My parents gave me a copy at Christmas 1954; probably I asked for it, as my father turned up his nose at jazz and wouldn't have chosen it himself, though my mother liked "Fats" Waller and the big bands. I was 15 and had fallen in love with jazz about four years earlier. Somehow I'd gotten my hands on a 45 rpm extended-play "album" -- remember those? -- with four tracks by Jelly Roll Morton and His Red Hot Peppers, and from there it was a short step to Armstrong and his monumental recordings of the 1920s. A love affair had begun for me that will end only when I do, and though I subsequently came to love jazz in almost all forms, the music of its early years remains for me -- as for jazz itself -- the foundation upon which everything else rests.
It's the American music, and Armstrong was its most transcendently American figure. For years legend had it (legend aided and abetted by Armstrong himself) that he was born on the Fourth of July 1900, but that's too good to be true and it isn't; Giddins conclusively proves that he was born on Aug. 4, 1901, in what Armstrong describes as "the crowded section of New Orleans known as Back o' Town . . . the very heart of what is called The Battlefield because the toughest characters in town used to live there, and would shoot and fight so much." The neighborhood was black and poor, and New Orleans was rigidly segregated, yet there's not a scintilla of bitterness in "Satchmo." This isn't because Armstrong was an Uncle Tom -- he was anything but -- but because he always rolled with life's punches, as on a Mississippi journey with the Fate Marable Band:
"We were the first colored band to play most of the towns at which we stopped, particularly the smaller ones. The ofays [whites] were not used to seeing colored boys blowing horns and making fine music for them to dance by. At first we ran into some ugly experiences while we were on the bandstand, and we had to listen to plenty of nasty remarks. But most of us were from the South anyway. We were used to that kind of jive, and we would just keep on swinging as though nothing had happened. Before the evening was over they loved us. We couldn't turn for them singing our praises and begging us to hurry back."
Armstrong was tolerant and patient. He was also tough. Even as a fairly small boy, Armstrong "was pretty wise to things." He "had been brought up around the honky-tonks on Liberty and Perdido where life was just about the same as it was in Storyville [the famous red-light district and jazz hotbed] except that the chippies were cheaper." He was "spellbound" by the likes of "Black Benny, Cocaine Buddy, Nicodemus, Slippers, Red Cornelius, Aaron Harris and George Bo'hog," street characters all of whom were "as tough as they come" yet all of whom "liked good music" and encouraged him as he mastered first the bugle, then the cornet.
The bugle was put into his hands at the Colored Waifs Home for Boys, to which he was sent in 1913 after a boyish prank. He dreaded going there, but learned so much about music by playing in its band that upon his release at the age of 14 he was "proud of the days I spent" there, as he remained for the rest of his life. Back in the city, he continued with his music -- older musicians seem to have recognized him as a prodigy -- but he was "the sole support" of his mother, sister and his own adopted son (the boy's mother, Armstrong's cousin, was dead), so he took whatever jobs he could find. These included working on a junk wagon and helping on a milk wagon, but mainly he hauled coal for the place where Stepfather Gabe worked. On the day World War I ended he "put about three more shovels of coal into the wheelbarrow," then thought: "The war is over. And here I am monkeyin' around with this mule. Huh!" He dropped everything, said, "So long, my dear. I don't think I'll ever see you again" to the mule, and got on with the rest of his life.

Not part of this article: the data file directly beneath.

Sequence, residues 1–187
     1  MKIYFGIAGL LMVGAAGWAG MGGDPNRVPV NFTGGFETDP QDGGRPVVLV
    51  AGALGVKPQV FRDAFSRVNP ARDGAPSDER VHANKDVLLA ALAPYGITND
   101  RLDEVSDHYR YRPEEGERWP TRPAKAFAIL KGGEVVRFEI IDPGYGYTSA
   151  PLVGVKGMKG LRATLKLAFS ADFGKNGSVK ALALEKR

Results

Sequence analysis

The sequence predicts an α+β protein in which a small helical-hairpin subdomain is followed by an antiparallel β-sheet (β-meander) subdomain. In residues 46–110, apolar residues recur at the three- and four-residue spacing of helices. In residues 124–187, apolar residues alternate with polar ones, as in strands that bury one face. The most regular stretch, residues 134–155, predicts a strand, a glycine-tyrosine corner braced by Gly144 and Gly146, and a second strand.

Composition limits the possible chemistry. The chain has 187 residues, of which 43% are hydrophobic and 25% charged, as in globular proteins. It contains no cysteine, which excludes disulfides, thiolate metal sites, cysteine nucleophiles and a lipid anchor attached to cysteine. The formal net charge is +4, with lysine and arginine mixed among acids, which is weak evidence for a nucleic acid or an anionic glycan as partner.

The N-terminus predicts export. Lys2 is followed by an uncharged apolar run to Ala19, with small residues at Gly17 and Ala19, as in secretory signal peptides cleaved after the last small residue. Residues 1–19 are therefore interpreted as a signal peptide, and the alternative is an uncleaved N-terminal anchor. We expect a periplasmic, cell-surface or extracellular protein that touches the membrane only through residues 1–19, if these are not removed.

It was, as no one needs to be told, an extraordinary life. Armstrong had no more than a fifth-grade education, but "with my good sense and mother-wit, and knowing how to treat and respect the feelings of other people, that's all I've needed through life." He led small bands and big ones (the small ones were best), recorded abundantly, traveled all over the world. It was my good fortune to hear him everywhere from clubs in New York to auditoriums in North Carolina to the Newport Jazz Festival, but there was nothing unusual about that: Everybody heard him. Among his many nicknames was "Ambassador Satch," because during the Cold War he toured the world on behalf of his country and came to embody, at a time when the world still loved America, this country at its best, not to mention its most swinging.
"Satchmo: My Life in New Orleans" is a quintessentially American story, and one of the best books ever written about New Orleans, which is saying something. Armstrong loved New Orleans more than any place on earth, and would have been shattered by what has just happened there. One can only pray that his spirit will guide those who labor to bring it back to life.
"Satchmo: My Life in New Orleans" is available in a Da Capo paperback ($16).
Jonathan Yardley's e-mail firstname.lastname@example.org.